- The Washington Times - Monday, February 7, 2000

Just a few years ago, the District of Columbia's glass was more than half-empty, as the city government faced a financial crisis of epic proportions. Indeed, the situation was so severe that the District could not deliver basic services and there were real concerns it would run out of cash to pay debt service or meet its payroll.

Today, glasses in the nation's capital are, at the very least, half-full. The District's population is stabilizing, the real-estate market is up, suburban residents are making more leisure trips into the city, and jobs have increased dramatically.

The year 1999 was a banner one for the District. Congress passed a city spending bill that enhanced resources for foster care, drug treatment and public education, and included much-needed funds to clean up the Anacostia River and to study widening the 14th Street Bridge. Perhaps the greatest victory of the past year came in the form of the landmark College Access Act, which, for the first time, will enable D.C. high school graduates to pay in-state tuition rates at public colleges in Maryland and Virginia.

It was also a year of technological renaissance in the District, driven in large part by an aggressive, crisis-mode approach to achieving Y2K conversion compliance. While the District did not embark upon its remediation efforts until relatively late in the game, the commitment of the Williams administration, the support of the Control Board and City Council, and the talent of the professionals in the office of the chief technology officer ensured the city was compliant by critical deadline dates. A significant by-product of that effort has been the development of a longer-term Technology Improvement Plan.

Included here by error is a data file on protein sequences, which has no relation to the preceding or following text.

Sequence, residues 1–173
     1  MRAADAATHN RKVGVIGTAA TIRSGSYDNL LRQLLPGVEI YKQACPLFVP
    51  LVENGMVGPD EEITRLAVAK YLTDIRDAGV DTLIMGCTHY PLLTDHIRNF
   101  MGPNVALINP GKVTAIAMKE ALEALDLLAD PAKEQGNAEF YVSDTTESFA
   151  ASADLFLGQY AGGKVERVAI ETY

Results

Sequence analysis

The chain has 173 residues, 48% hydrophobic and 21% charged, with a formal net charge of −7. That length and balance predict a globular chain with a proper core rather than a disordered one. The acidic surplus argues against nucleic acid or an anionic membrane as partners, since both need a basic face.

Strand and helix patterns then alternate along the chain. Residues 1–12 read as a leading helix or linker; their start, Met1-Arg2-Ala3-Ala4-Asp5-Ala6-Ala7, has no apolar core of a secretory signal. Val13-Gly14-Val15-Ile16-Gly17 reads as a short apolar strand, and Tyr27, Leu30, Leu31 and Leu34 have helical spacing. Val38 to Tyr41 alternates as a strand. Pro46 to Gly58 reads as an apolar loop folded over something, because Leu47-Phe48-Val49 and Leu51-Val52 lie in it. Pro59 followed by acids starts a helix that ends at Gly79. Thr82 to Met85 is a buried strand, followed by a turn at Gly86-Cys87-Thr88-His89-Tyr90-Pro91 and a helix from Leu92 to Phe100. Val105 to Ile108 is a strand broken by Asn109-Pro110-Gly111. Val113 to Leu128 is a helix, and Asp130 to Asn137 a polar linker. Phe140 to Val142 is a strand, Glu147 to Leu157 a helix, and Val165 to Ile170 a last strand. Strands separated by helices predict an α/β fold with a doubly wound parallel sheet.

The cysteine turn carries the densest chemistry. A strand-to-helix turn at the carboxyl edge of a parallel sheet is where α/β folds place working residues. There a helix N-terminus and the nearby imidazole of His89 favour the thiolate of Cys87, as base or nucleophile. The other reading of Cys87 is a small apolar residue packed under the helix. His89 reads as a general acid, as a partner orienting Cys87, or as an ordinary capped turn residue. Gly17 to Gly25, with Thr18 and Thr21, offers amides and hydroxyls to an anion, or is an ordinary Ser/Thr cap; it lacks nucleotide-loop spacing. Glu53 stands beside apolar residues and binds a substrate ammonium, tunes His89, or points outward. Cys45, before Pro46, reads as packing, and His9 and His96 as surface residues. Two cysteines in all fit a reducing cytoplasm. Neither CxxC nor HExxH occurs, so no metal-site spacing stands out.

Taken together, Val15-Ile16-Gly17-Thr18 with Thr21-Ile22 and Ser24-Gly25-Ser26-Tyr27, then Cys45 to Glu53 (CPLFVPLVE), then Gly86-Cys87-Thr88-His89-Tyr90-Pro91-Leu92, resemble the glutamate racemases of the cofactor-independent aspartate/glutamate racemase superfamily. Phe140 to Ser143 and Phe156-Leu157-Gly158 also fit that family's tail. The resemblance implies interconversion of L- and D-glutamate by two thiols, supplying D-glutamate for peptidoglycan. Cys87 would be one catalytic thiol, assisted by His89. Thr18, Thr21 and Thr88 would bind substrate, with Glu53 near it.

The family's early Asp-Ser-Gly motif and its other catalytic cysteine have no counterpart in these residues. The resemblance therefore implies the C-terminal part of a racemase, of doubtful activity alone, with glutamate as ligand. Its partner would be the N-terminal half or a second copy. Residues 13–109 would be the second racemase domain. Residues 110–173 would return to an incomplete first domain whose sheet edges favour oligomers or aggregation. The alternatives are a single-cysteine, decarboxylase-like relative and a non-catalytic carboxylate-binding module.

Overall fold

During the past year we also witnessed many examples of progress in efforts to revitalize the District. The trend that produced substantial loss of population and employment appears to have been reversed. Economic development initiatives are producing increased opportunities for residents and businesses alike. A balanced budget for the third straight year, as well as measurable improvements identifying and collecting local revenues, has resulted in an upgrading of the city's bond rating. Tax and regulatory reforms including the largest tax cut in the city's history in the fiscal year 2000 budget have attracted the attention of potential investors and employers.

But those who keep the city can never rest. There are many serious, ongoing concerns that demand our oversight and attention. My biggest goal for 2000 will be to make sure our victories in recent years are not followed by a return to the old ways of doing business in the city.

It has never been my desire to micromanage the District. But Congress' constitutional responsibility is one I do not and will not take lightly. I intend to remain vigilant as my 6-year term as chair of the D.C. Subcommittee comes to a close. The oversight hearing we held in late January highlighted those issues that will be on our radar this year. Service- and management-based shortcomings continue to plague city government. School governance issues must be resolved. Services for the mentally retarded must be revamped. Potholes must be repaired. Reform initiatives in the police and fire and rescue departments must proceed.

Yes, the potentially troubling list of issues is long. But compared to where we were just five years ago, way back in the 20th century, the future of the nation's capital appears brighter than ever. The House Subcommittee on the District of Columbia is proud to have played a constructive, bipartisan role in its astounding turnaround.

Tom Davis, Republican of Virginia, is chairman of the House Subcommittee on the District of Columbia.

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